JAKARTA - Six Indonesian militants arrested for planning to fire a rocket at Singapore’s Marina Bay from Batam island have been sentenced to between three and four years in jail for conspiracy to commit terrorism.
A panel of judges at a district court in Jakarta, led by District Judge Tarigan Muda Limbong, said on Wednesday (June 7) that although there was insufficient evidence to convict them for the plot to attack Singapore, the men were still guilty of other offences under Indonesia’s anti-terror laws.
The alleged leader of the Batam terrorist cell, Gigih Rahmat Dewa, 31, was jailed four years for harbouring two Uighurs whom he had helped escape to Indonesia from Malaysia.
The other five from the group – Hadi Gusti Yanda, 20; Tarmidzi, 21; Leonardo Hutajulu, 24; Eka Saputra, 35; and Trio Syafidro, 46 – will serve one year less for concealing information on terrorist activities.
The verdict follows the twin suicide bombings in East Jakarta on May 23 which killed three policemen, and amid fears of a spillover of fighting from the siege on Marawi city in southern Philippines by Muslim militants.
Gigih, Hadi, Tarmidzi, Eka and Trio were rounded up on Aug 5 last year in Batam by Indonesian counter-terrorism police Detachment 88 in connection to the plan to attack Singapore, while Leonardo was arrested the following month.
All six were also charged in January with funding terrorist activities under Indonesia’s Anti-Terrorism Act, which was enacted the year after the 2002 Bali bombings that claimed 202 lives.
The law is currently being reviewed by lawmakers to give the police and military more powers in Indonesia’s war on terror.
Gigih and his men denied all the charges when the trial began in February.
Prosecutors also encountered difficulties producing witnesses to testify against the group, known as Katibah Gonggong Rebus, during subsequent hearings at the East Jakarta District Court.
Evidence indicated that Gigih and his men had pledged their allegiance to the Islamic State in Iraq and Syria (ISIS) sometime in August 2015.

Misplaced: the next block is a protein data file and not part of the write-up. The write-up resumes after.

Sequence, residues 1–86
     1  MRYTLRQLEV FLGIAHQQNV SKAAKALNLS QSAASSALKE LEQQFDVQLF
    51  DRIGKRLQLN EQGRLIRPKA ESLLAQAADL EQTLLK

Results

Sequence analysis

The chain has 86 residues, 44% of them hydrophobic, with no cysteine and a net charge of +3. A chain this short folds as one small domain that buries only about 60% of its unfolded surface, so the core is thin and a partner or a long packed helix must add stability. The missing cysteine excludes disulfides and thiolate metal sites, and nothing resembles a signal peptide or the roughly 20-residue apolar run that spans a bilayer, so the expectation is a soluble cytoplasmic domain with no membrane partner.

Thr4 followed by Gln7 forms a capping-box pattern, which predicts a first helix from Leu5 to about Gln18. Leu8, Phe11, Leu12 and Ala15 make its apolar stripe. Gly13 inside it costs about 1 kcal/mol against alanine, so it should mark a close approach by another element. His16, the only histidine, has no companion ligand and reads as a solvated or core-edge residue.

Gigih was also said to have ties to Bahrun Naim, an ISIS operative who has had a hand in several other terror plots in Indonesia.
Bahrun allegedly instructed him to set up a travel agency in Tanjung Pinang as a front to help generate revenue and launder money for their cause, as well as to help facilitate the travel of Muslim militants.
These include those who want to travel to the Middle East to join ISIS, or to Poso, Central Sulawesi, to link up with the East Indonesia Mujahideen terrorists.
Gigih was accused of helping two Uighurs from a Muslim separatist group in Xinjiang, China, escape from Malaysia to Indonesia.
One of the Uighurs was caught last year in Bekasi in West Java with plans to mount a suicide bombing.
Police sources told The Straits Times that these activities were said to be funded by Bahrun, who was placed on a United States terrorist watchlist earlier this year.
According to the US Treasury Department, Bahrun had transferred nearly US$72,000 (S$99,400) “to an associate in Indonesia, purportedly to conduct attacks on his instructions”.
The US authorities did not identify the associate, but prosecutors said during Gigih’s hearing that a bank account used by some Indonesian militants with ties to ISIS was found in his name.
Money drawn from the same account also funded terror plots in Indonesia, added the prosecutors.